Plato Essays

  • Summary Of Plato's Cave

    1218 Words  | 5 Pages

    Plato was an Athenian philosopher, who founded the first academic institution in the western world, the academy and is well-known for paving the path for philosophy in western traditions. He was a student of Socrates’ and often used Socrates in the discussions of his dialogues, the myth of the cave being one of them. Plato was a believer of idealism. He believed that immaterial qualities are more real than empirical objects, which we can feel, see, and touch. In the myth of the cave, Plato paints us a picture of how we can be easily fooled by our senses, and of our original perceptions of the world. We humans usually think that the most real things are solid, and can be touched. Plato thinks differently, he thinks that the most real

  • Response To Plato's Apology

    915 Words  | 4 Pages

    Apology. According to Socrates, no one know if death might be the best of all good things that

  • Human Nature In Plato's Allegory Of The Cave

    1159 Words  | 5 Pages

    Plato’s short story the Allegory of the Cave, Plato portrays a scene in a cave to the reader that analyzes human actions. The story is about a group of men that are chained for their entire life. The only thing they are exposed to are shadows on the wall of a fire burning by people behind them. The people exposing these men are hiding the truth of the outside world. Plato reveals that humans are easily fooled into believing what they see. In Plato’s Allegory of the Cave the people think that their entire reality is the shadows that they see on the walls of the cave. Plato explores the truth and criticizes that humanity does not question what is real.

  • Comparing Plato's Republic And Hayy Ibn Yaq

    1658 Words  | 7 Pages

    In what ways did the writings of Plato’s Republic and Hayy ibn Yaqzan foreshadow the theme of enlightenment?

  • Pros And Cons Of Plato

    1324 Words  | 6 Pages

    The Athenian philosopher Plato is said to be one of the most important figures of the Ancient Greek world. It could also be argued that he is one of the most important figures in the entire history of Western thought. In his many written dialogues, he expands the ideas and different techniques of his teacher, Socrates, of thirty years. Plato’s way of living was to ask ruthless questions that made you think about the reason you are living and why you are the way you are. Plato writes of Socrates, and the beliefs they share, in Republic where he explores the ideal soul of a nation and of an individual. He believes that there is a certain way that people should be and act. Plato discusses the question

  • Euthyphro: One Of Plato's Classic Dialogues

    931 Words  | 4 Pages

    The Euthyphro is one of Plato’s classic dialogues. It is a well-verbalized piece which deals with the question of ethics, consisting of a conversation between Socrates and one other person who claims to be an expert in a certain field of ethics. It is additionally riddled with Socratic irony in which Socrates poses as the incognizant student hoping to learn from a supposed expert, when in fact he shows Euthyphro to be the nescient one who kens nothing about the subject being holiness.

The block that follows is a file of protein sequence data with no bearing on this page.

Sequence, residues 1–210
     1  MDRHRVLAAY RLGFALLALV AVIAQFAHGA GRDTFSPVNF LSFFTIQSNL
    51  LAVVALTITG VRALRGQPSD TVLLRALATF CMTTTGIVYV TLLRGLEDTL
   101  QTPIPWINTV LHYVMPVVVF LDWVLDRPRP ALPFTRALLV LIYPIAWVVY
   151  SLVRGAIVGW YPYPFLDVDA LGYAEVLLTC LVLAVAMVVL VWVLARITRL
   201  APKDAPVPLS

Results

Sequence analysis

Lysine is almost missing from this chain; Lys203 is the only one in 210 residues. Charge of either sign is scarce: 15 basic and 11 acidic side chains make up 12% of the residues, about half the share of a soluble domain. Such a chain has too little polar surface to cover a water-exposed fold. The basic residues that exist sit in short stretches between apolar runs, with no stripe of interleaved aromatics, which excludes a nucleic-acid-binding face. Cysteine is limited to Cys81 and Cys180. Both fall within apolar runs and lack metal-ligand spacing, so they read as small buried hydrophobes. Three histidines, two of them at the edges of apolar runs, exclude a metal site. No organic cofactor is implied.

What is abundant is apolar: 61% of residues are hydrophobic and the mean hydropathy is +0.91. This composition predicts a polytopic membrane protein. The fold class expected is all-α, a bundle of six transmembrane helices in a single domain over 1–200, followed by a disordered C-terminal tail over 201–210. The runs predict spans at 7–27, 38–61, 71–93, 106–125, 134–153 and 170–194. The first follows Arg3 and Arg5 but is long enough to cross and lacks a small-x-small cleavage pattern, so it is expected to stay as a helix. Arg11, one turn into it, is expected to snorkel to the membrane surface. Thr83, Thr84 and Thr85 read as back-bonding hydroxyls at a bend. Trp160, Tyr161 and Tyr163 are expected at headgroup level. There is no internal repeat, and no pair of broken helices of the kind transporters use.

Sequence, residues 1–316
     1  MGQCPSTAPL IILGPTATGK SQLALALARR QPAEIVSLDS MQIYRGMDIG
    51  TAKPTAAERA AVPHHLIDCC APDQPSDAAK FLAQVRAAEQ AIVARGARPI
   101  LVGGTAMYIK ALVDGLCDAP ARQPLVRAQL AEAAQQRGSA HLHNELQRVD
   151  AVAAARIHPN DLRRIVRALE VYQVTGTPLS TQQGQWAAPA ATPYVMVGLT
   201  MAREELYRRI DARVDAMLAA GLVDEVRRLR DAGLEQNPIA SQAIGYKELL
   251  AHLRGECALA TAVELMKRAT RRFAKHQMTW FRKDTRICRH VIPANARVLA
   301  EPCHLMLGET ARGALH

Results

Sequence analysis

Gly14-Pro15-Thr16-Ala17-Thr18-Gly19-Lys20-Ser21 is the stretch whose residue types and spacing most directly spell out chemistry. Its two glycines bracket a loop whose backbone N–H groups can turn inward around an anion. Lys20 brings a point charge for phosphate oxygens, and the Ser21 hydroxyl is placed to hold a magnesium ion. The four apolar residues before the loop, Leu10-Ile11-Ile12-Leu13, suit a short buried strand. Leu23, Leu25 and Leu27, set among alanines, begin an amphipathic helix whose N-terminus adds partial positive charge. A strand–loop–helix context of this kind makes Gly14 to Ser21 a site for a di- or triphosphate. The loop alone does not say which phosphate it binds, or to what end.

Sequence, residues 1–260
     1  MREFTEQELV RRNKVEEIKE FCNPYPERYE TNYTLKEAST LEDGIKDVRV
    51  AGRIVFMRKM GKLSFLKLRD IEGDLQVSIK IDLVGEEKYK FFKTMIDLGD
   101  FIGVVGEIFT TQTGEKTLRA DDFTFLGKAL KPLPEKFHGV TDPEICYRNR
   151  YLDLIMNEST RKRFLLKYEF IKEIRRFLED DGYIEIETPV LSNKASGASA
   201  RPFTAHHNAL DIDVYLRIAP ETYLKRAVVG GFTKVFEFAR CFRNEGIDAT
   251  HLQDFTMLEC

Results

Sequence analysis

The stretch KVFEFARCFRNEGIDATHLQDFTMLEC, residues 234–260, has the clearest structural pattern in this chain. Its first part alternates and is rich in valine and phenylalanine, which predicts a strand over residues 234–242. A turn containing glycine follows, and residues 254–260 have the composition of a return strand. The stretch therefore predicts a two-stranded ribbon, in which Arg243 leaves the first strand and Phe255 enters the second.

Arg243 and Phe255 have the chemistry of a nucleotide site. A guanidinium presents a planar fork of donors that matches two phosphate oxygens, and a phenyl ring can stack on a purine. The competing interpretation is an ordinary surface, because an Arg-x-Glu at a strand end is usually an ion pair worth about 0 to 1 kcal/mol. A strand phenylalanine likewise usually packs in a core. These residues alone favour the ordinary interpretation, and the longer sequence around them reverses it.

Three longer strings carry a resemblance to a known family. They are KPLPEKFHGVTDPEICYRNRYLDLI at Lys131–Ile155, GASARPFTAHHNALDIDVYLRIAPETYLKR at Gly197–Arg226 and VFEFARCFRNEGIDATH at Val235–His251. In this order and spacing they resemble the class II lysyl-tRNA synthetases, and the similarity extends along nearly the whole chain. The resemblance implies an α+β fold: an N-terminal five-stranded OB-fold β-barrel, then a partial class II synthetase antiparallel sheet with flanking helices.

• The Definition Of Justice In Plato's The Republic?

    1904 Words  | 8 Pages

    “The Republic” is a book written by Plato in 380B.C. and was considered one of the most important works of political theory. Plato was born in 428 B.C., he founded the Academy in Athens where he gave higher learning for people. He believed that the Academy would produce future leaders who could help his country become a luxurious and just. His idea was that a just city is a city where every part of it does its own work without interfering in others work (principle of specialization). In his book, Plato describes how the perfect political system should be. He first discusses the definition of justice by a certain argument between Socrates his teacher and some other friends. Each idea or point of view given by one of the interlocutors reflected his own

  • The Allegory Of The Cave From Plato's The Republic

    551 Words  | 3 Pages

    What if every known thing in the world turned out to be misguided? What if people within the world learned ways of life and adapted to environments only to find out that it was all a lie? In "The Allegory of the Cave" from Plato's "The Republic", the same questions were considered and analyzed by Socrates, the speaker of the story. The Philosopher Socrates explicates his allegory of great curiosity to Glaucon, a man of whom Socrates shares his wealth of wisdom with. Socrates' purpose in expressing the allegory is to show how the human race may not always see the truth but rather convince themselves that what they see is the truth. In other words, people allow themselves to believe what they would like to believe. As Socrates speaks, he has a questioning, curious and wise tone towards Glaucon, he speaks as if he does not even know the truth himself. By continuously asking Glaucon questions, Socrates is sparking a somewhat confused and thoughtful reaction. Glaucon himself sounds so deep in thought, he cannot utter more than a "very likely", "I agree", or "very true" to Socrates. By listening to or reading Socrates' words, the intended effect of his allegory is to provoke an opinion towards what is the actual

  • Little Johnny Plato Analysis

    1426 Words  | 6 Pages

    Little Johnny runs up to his parents going a hundred miles an hour. He rambles off a variety of questions as his curiosity of the world overcomes him. He wants to know how things work and why they function that way. In a way, little Johnny could be compared to Plato. However, Plato goes beyond the superficial questions into deep, philosophical thinking. Plato craves wisdom, and his questions of humanity are never ending. Beauty, justice, true philosophy, belief, truth, form of good, and so many more are some of the virtues that he writes about. Plato spends a fair amount of his writing developing the masses opinion on the virtues, and how they contradict what his worldview is. He writes in Symposium, The Republic, Apology, and Phaedo of questions

  • Thucydides And Plato: A Comparative Analysis

    800 Words  | 4 Pages

    Thucydides and Plato have a clear set boundary in their writings as to what type of assertion they are fabricating. Thucydides sets a very narrow view with his piece of The Peloponnesian War that holds more weight in solid evidence of what a “good life” is demonstrated as. Plato, on the other hand, has several writings that go into depth of weighing what someone’s soul ought to have within itself. The statement of Thucydides making empirical claims, with Plato making normative claims, is supported with evidence in their respected works.